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Drug makers can export patented medicines for approval: Delhi HC

Drug makers can export patented medicines for approval: Delhi HC
Indian generic drug makers have the fundamental right to make, sell and export patented medicines for purposes of regulatory approval and clinical trials, the Delhi High Court ruled on Wednesday.
"The right of manufacturers/producers of medicines and of fine chemical producers, to make, construct and sell including by way of export, a patented invention, for the purposes prescribed in section 107A (of Patents Act) is a fundamental right protected by Article 19(1)(g) of the Constitution and the sale cannot be curtailed except by express law," Justice Rajiv Sahai Endlaw said.

The ruling came as the court allowed state-run pharma company Natco and generic drug maker Alembic Pharmaceuticals to export two patented medicines of German drug major Bayer's for clinical trials and regulatory approvals abroad as allowed under section 107A of the Patents Act. Natco and Alembic, however, were directed to undertake that during the life of the respective patent, they will not export the respective patented invention for purposes other than those specified in section 107A.

Section 107A of the Act explains what will not constitute infringement of a patent and includes selling of a patented invention for the purposes of development.

The drugs in question were Bayer's cancer drug Sorafenib marketed under the name of Nexavar, whose generic version Sorefenat was being exported by Natco, and the German company's blood thinning medicine Rivaroxaban, a generic version of which was being exported by Alembic.

The court disposed of Bayer's pleas against the two Indian companies, saying that sale by a non-patentee of a pharmaceutical product solely for the purposes prescribed in section 107A would "not be infringement and cannot be prevented".

The court noted that section 107A permitted sale of a patented product during the term of the patent but only for the purpose of obtaining regulatory approvals for making and marketing the patented product after the expiry of the patent.

Bayer, in its plea, had contented that once the patented invention is permitted to be sold by way of export for regulatory approvals, the court will no longer have the jurisdiction to ensure that the exports are used for that purpose only.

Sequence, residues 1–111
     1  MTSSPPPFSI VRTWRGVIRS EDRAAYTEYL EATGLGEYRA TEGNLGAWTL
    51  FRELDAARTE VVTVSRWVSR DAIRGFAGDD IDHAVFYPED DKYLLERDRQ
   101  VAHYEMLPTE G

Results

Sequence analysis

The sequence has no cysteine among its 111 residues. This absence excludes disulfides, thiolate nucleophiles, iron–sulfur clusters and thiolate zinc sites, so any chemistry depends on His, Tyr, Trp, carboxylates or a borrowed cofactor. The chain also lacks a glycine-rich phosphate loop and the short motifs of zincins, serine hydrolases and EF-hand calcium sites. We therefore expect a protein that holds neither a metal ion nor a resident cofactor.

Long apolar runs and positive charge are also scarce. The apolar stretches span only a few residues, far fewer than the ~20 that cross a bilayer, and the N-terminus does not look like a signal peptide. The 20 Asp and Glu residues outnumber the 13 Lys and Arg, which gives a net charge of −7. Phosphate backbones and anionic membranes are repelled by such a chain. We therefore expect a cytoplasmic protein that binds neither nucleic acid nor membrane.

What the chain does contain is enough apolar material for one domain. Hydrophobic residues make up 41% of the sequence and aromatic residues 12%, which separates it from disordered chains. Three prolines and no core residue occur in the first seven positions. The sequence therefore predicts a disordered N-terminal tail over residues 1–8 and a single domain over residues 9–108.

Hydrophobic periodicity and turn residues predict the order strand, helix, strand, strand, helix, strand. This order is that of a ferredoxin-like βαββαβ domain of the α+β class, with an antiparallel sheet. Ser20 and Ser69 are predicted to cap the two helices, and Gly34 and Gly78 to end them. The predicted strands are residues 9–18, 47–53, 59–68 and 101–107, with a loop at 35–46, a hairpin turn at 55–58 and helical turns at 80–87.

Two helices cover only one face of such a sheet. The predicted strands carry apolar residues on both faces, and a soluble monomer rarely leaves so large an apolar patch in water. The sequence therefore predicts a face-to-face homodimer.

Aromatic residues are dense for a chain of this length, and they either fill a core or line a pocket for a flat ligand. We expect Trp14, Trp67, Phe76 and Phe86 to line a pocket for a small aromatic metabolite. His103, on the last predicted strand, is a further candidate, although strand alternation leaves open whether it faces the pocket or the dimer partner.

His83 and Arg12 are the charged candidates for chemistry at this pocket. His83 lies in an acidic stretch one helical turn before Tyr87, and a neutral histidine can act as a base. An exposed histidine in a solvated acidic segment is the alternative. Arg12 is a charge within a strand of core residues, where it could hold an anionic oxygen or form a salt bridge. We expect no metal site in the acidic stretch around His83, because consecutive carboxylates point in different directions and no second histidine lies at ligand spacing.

Rejecting the contention, the court said the Patents Act was concerned with protection of the rights of the patentees in India only and not outside India.

"Neither our legislature, nor this Court can impose any condition on the use of the goods exported once they reach the destination country," it said. AgenciesNew Delhi: Indian generic drug makers have the fundamental right to make, sell and export patented medicines for purposes of regulatory approval and clinical trials, the Delhi High Court ruled on Wednesday.

"The right of manufacturers/producers of medicines and of fine chemical producers, to make, construct and sell including by way of export, a patented invention, for the purposes prescribed in section 107A (of Patents Act) is a fundamental right protected by Article 19(1)(g) of the Constitution and the sale cannot be curtailed except by express law," Justice Rajiv Sahai Endlaw said.

The ruling came as the court allowed state-run pharma company Natco and generic drug maker Alembic Pharmaceuticals to export two patented medicines of German drug major Bayer's for clinical trials and regulatory approvals abroad as allowed under section 107A of the Patents Act. Natco and Alembic, however, were directed to undertake that during the life of the respective patent, they will not export the respective patented invention for purposes other than those specified in section 107A.

Section 107A of the Act explains what will not constitute infringement of a patent and includes selling of a patented invention for the purposes of development.

The drugs in question were Bayer's cancer drug Sorafenib marketed under the name of Nexavar, whose generic version Sorefenat was being exported by Natco, and the German company's blood thinning medicine Rivaroxaban, a generic version of which was being exported by Alembic.

The court disposed of Bayer's pleas against the two Indian companies, saying that sale by a non-patentee of a pharmaceutical product solely for the purposes prescribed in section 107A would "not be infringement and cannot be prevented".

The court noted that section 107A permitted sale of a patented product during the term of the patent but only for the purpose of obtaining regulatory approvals for making and marketing the patented product after the expiry of the patent.

Bayer, in its plea, had contented that once the patented invention is permitted to be sold by way of export for regulatory approvals, the court will no longer have the jurisdiction to ensure that the exports are used for that purpose only.

Rejecting the contention, the court said the Patents Act was concerned with protection of the rights of the patentees in India only and not outside India.
"Neither our legislature, nor this Court can impose any condition on the use of the goods exported once they reach the destination country," it said.
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